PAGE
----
A Prescription for Exercise

March 3, 2016 Brigham and Women's Hospital

A recent study found that only 34 percent of adults were counseled about physical activity during their last primary care visit.

Has your doctor ever given you a prescription for exercise?

Dr. JoAnn Manson, Chief of the Division of Preventive Medicine at Brigham and Women’s Hospital, recently co-authored an article that calls for physicians and other health care professionals to make exercise counseling a consistent component of their interactions with patients. Failure to do so, explains Dr. Manson, is a lost opportunity to safely and inexpensively improve the health of patients.

“There is a consensus within the medical and public health communities that increasing physical activity among our patients should be a priority,” says Dr. Manson. “No other single intervention or treatment is associated with such a diverse array of benefits.”

Among those benefits is reducing the risk for major chronic diseases, including high blood pressure, type 2 diabetes, obesity, heart disease, stroke, cognitive decline, certain cancers, and depression.

A recent study, however, found that only 34 percent of adults were counseled about physical activity during their last primary care visit. Among adults with vascular risk factors, about 40 percent received such counseling. Dr. Manson and her co-authors suggest that this lack of guidance may be due to time constraints, a lack of useful tools, or skepticism about the impact of exercise counseling.

Tools for health care providers

To help address some of these obstacles, Dr. Manson and her colleagues developed a series of strategies to help providers efficiently incorporate exercise counseling into each patient visit, including:

  • Make physical activity counseling a routine component (“vital sign”) of every patient visit.
  • Ask patients whether they exercise regularly. If they do, ask about the type, frequency, and duration of the exercise. If they don’t, ask whether they’re willing to start an exercise program.
  • Stress the association between physical activity and a reduced risk of heart disease, stroke, diabetes, and certain types of cancer.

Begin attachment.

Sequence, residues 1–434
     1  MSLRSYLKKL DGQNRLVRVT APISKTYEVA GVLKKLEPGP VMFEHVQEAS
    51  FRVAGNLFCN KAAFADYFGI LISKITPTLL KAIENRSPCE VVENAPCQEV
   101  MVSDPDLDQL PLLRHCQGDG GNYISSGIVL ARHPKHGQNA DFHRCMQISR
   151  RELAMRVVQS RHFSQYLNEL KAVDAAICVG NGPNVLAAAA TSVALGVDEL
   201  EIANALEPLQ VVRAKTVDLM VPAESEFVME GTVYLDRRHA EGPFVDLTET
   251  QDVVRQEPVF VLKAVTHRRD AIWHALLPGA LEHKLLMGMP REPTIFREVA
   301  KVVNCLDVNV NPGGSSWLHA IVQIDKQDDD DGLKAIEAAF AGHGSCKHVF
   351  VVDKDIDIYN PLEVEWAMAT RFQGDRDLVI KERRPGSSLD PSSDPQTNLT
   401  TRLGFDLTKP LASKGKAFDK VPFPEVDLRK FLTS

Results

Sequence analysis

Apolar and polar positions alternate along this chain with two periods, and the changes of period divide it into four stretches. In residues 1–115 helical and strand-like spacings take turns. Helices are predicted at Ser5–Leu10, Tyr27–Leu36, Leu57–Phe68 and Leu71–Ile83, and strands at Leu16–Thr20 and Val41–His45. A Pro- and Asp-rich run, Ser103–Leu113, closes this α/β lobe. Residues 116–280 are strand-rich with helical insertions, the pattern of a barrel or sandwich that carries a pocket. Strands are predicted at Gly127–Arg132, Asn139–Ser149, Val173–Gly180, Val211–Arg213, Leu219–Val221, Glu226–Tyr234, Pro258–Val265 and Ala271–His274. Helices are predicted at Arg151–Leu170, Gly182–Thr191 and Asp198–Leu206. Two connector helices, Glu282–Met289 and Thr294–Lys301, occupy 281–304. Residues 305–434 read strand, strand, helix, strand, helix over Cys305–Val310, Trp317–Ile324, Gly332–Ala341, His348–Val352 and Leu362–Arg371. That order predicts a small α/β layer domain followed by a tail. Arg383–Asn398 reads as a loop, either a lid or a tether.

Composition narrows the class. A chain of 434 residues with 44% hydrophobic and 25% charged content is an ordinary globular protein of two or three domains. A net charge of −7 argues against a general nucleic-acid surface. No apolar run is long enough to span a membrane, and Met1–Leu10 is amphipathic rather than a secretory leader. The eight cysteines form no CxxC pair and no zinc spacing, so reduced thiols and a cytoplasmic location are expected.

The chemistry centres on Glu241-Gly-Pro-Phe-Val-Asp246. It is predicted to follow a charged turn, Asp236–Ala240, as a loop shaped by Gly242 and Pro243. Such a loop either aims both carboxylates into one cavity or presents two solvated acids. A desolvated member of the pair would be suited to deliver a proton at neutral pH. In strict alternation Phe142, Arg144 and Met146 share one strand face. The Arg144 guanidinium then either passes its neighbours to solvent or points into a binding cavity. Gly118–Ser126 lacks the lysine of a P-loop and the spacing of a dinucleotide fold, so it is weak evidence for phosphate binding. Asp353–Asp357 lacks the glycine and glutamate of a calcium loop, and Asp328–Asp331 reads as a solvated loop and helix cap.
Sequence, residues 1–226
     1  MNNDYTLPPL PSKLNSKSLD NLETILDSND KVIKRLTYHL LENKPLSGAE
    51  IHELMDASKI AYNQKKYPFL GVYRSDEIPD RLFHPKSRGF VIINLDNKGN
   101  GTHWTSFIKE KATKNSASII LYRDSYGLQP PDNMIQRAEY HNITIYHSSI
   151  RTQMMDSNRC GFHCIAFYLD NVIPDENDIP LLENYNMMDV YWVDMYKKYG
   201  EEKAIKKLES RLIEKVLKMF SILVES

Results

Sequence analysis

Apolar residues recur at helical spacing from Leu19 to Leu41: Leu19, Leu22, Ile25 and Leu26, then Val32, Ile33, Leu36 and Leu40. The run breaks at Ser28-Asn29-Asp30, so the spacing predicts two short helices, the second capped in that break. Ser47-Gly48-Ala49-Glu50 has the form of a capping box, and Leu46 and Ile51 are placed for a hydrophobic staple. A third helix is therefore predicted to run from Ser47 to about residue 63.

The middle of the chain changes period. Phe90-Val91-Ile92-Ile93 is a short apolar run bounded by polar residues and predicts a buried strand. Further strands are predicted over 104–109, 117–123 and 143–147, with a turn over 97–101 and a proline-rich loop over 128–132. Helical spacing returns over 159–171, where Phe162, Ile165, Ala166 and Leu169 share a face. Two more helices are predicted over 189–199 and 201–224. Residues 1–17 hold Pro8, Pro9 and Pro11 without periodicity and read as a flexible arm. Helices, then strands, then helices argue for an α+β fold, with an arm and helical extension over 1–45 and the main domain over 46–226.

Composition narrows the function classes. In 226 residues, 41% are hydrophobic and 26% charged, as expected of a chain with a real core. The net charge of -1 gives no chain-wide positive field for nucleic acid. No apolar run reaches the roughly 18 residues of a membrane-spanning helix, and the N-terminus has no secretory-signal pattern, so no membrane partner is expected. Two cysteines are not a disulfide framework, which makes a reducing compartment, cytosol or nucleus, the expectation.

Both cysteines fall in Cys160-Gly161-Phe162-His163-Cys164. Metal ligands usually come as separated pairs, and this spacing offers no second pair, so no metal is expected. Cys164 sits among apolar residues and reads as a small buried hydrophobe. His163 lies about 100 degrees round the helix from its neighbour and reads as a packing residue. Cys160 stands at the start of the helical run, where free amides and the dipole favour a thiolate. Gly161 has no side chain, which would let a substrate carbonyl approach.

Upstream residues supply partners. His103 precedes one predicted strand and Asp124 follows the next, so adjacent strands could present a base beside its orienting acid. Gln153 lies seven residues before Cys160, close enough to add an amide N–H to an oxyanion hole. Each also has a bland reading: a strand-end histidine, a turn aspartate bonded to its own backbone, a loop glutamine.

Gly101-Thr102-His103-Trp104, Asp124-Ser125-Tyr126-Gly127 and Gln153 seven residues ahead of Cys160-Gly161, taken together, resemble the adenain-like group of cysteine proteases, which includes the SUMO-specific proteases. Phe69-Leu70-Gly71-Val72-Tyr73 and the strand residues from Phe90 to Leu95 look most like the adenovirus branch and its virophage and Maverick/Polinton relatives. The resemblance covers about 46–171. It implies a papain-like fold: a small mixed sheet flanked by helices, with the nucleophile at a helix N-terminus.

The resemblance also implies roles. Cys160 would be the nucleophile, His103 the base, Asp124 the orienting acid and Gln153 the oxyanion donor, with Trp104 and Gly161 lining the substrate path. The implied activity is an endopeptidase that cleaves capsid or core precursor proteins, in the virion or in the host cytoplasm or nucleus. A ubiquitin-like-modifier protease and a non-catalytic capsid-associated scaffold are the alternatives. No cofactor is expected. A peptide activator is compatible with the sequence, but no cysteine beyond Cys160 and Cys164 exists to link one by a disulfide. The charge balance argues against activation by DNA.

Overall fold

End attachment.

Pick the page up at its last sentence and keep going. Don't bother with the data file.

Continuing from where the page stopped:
• Write a prescription for an agreed-upon daily exercise regimen, working toward a goal of at least 30 minutes of walking or some other type of moderate-intensity activity.
  • Encourage patients to use a pedometer (or other fitness tracking device) to keep track of their progress.
  • Recognize success and continue to encourage reluctant adopters.

Does exercise counseling work?

Recent research demonstrates that exercise counseling is impactful and doesn’t require a lot of time. In the Activity Counseling Trial, primary care physicians were trained to routinely give short exercise consultations (three to four minutes) to their patients. This led to increased levels of physical activity and a corresponding improvement in cardiopulmonary fitness among patients, and physicians reported that the counseling was an asset to their practice. Likewise, the PREMIER Trial found that brief lifestyle and physical activity consultations for adults with prehypertension or hypertension (high blood pressure) significantly reduced their risk factors for coronary heart disease.

Are health care providers and patients ready to act?

Dr. Manson says that it’s clear that routine exercise counseling is effective and can be integrated into clinical practice almost seamlessly. Making this counseling a priority will improve our patients’ health and reduce their risks of developing a wide variety of diseases. The question is whether medical professionals and patients are ready and willing to act.

Read “Making Physical Activity Counseling a Priority in Clinical Practice” to learn more about the move to make exercise counseling a priority.

– Chris P.

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